High Angle Block Plane

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Project by Seenya posted 04-12-2012 05:06 PM 2260 views 6 times favorited 7 comments Add to Favorites Watch

I really like wooden hand planes and while working with some Bolivian Rosewood I realized I needed a plane with a higher angle to avoid tearout. Well, since I had some hard maple and walnut left over I decided to make one. I had a couple of questions and sent Ron Hock an email. He answered me back almost immediately and gave me some good advice. (Thanks, Ron!) I laminated some of the maple and walnut to make the wedge. Sanded it to 220 grit and put several coats of Danish oil on it. Being a high angle plane (50 degrees) and not having an adjustment knob it’s a little finicky to get set up but once it is it works like a charm!

I would have taken more pictures in the beginning but my camera broke and I just got a new one. I had some from my phone but they weren’t very good.

-- Semper Fi

7 comments so far

View Don W's profile

Don W

19382 posts in 3130 days

#1 posted 04-12-2012 05:44 PM

nice looking plane.

-- - Collecting is an investment in the past, and the future.

View A Slice of Wood Workshop's profile

A Slice of Wood Workshop

1107 posts in 3736 days

#2 posted 04-12-2012 07:46 PM

very nice plane.

-- Follow me on YouTube-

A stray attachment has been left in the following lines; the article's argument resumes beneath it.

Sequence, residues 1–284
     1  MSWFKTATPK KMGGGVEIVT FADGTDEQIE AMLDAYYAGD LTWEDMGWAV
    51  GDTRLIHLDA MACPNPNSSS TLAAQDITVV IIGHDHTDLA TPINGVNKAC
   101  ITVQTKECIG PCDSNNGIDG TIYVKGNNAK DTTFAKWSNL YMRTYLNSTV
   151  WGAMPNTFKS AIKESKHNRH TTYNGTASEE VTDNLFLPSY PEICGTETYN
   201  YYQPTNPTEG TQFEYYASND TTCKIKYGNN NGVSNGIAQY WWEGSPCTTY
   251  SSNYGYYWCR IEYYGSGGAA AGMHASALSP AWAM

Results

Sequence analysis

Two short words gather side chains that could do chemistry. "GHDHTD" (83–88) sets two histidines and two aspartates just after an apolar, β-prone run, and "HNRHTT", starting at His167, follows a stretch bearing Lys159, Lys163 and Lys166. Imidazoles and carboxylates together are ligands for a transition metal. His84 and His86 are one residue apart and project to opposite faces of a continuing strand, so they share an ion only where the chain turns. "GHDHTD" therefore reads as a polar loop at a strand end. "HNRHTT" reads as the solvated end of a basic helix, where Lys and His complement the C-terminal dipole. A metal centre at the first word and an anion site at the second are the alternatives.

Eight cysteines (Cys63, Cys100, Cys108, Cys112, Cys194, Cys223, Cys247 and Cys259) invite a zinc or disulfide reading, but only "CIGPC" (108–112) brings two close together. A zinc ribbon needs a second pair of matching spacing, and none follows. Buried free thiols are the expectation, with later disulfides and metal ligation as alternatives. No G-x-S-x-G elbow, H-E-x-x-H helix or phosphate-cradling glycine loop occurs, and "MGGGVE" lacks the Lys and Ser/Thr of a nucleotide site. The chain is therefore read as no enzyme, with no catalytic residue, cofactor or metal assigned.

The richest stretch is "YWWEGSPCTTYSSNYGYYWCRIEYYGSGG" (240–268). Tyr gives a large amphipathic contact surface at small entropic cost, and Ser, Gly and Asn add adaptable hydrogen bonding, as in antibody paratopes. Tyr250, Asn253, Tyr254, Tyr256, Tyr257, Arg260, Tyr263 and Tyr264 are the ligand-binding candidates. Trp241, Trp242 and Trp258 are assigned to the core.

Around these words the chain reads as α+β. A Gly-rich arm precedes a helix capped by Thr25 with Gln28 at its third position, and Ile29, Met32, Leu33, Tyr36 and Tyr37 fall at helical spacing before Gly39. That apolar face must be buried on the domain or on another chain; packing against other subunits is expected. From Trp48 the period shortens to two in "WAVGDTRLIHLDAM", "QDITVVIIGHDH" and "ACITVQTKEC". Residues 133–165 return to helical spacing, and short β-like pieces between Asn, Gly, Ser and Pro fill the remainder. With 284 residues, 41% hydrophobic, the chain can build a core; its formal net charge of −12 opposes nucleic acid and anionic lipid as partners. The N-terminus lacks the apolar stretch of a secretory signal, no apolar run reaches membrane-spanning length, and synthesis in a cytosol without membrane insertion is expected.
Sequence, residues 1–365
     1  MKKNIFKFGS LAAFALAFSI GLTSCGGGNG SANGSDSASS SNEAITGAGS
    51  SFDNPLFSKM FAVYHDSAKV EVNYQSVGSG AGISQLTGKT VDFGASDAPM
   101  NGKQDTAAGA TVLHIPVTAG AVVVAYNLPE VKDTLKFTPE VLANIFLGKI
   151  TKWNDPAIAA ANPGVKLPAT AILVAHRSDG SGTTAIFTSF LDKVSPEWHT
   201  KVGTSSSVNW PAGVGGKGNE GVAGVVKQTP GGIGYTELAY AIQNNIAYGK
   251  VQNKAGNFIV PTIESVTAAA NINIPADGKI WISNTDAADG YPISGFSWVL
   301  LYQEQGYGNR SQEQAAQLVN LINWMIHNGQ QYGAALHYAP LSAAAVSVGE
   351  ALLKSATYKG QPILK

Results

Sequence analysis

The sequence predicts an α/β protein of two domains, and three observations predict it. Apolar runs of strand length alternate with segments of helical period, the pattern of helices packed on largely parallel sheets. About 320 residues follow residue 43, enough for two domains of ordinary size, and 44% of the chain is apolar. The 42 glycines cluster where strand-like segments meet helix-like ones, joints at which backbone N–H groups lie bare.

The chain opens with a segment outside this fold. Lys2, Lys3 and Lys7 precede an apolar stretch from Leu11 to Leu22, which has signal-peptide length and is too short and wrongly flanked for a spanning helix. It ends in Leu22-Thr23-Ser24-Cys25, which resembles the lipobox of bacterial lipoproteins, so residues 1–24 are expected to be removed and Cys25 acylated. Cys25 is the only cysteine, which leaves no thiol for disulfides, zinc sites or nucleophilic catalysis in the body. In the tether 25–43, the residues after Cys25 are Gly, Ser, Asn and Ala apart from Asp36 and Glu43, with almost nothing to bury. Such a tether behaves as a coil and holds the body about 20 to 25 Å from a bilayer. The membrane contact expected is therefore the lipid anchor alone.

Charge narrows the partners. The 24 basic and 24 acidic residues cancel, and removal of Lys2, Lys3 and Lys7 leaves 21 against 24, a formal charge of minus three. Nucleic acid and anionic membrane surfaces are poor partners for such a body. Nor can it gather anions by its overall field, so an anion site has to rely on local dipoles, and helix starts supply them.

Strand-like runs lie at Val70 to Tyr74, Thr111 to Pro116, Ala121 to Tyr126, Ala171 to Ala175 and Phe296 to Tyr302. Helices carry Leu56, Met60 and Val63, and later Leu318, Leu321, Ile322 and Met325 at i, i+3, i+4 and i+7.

View MedicineMan's profile


108 posts in 3030 days

#3 posted 04-13-2012 01:41 AM

Great looking plane! Need to make one for myself to use on hard curly maple. Thanks for the post and pics.

View Seenya's profile


63 posts in 3004 days

#4 posted 04-13-2012 03:53 AM

Thanks, guys.

-- Semper Fi

View chodgson's profile


35 posts in 3246 days

#5 posted 04-13-2012 06:36 PM

Nice looking plane. I’m definitely going to try making a plane or two one day. Not to be nit-picky, but is the pin loose? From the side shots it looks like its got a lot of room – was that an accident or by design? I guess it doesn’t cause too much trouble once the wedge is in there tight?

View Seenya's profile


63 posts in 3004 days

#6 posted 04-13-2012 08:38 PM

The cross pin isn’t glued in. It will rotate with the wedge/iron. It’s not as tight as I’d like it but causes no trouble. As I found out, my tenon cutter and forstner bit don’t quite match!

I have made planes before where I just used a dowel and glued it in. They work fine. I just wanted to try something different and a little more challenging.

-- Semper Fi

View mafe's profile


12170 posts in 3652 days

#7 posted 04-15-2012 08:14 AM

Wonderful plane.
Nice work.
Best thoughts,

-- MAD F, the fanatical rhykenologist and vintage architect. Democraticwoodworking.

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